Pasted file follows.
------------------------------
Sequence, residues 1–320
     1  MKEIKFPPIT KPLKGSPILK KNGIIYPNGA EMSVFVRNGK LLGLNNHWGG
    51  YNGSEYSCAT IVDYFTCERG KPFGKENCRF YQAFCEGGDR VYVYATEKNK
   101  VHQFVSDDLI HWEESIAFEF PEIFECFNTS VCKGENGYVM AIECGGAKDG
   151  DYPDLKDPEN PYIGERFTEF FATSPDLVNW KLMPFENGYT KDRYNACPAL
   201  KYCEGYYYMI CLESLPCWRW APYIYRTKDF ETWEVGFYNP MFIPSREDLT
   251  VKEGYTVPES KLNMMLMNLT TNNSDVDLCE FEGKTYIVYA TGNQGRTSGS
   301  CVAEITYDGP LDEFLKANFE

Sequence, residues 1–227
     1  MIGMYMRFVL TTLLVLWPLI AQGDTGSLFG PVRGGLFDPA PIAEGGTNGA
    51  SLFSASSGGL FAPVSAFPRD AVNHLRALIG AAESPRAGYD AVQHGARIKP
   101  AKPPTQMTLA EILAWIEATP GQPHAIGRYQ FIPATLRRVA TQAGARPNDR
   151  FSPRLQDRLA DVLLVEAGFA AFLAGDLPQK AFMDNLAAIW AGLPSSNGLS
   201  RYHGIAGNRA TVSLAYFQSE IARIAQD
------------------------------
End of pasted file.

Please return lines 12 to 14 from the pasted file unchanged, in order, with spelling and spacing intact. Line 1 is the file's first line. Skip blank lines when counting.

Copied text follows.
   101  AKPPTQMTLA EILAWIEATP GQPHAIGRYQ FIPATLRRVA TQAGARPNDR
   151  FSPRLQDRLA DVLLVEAGFA AFLAGDLPQK AFMDNLAAIW AGLPSSNGLS
   201  RYHGIAGNRA TVSLAYFQSE IARIAQD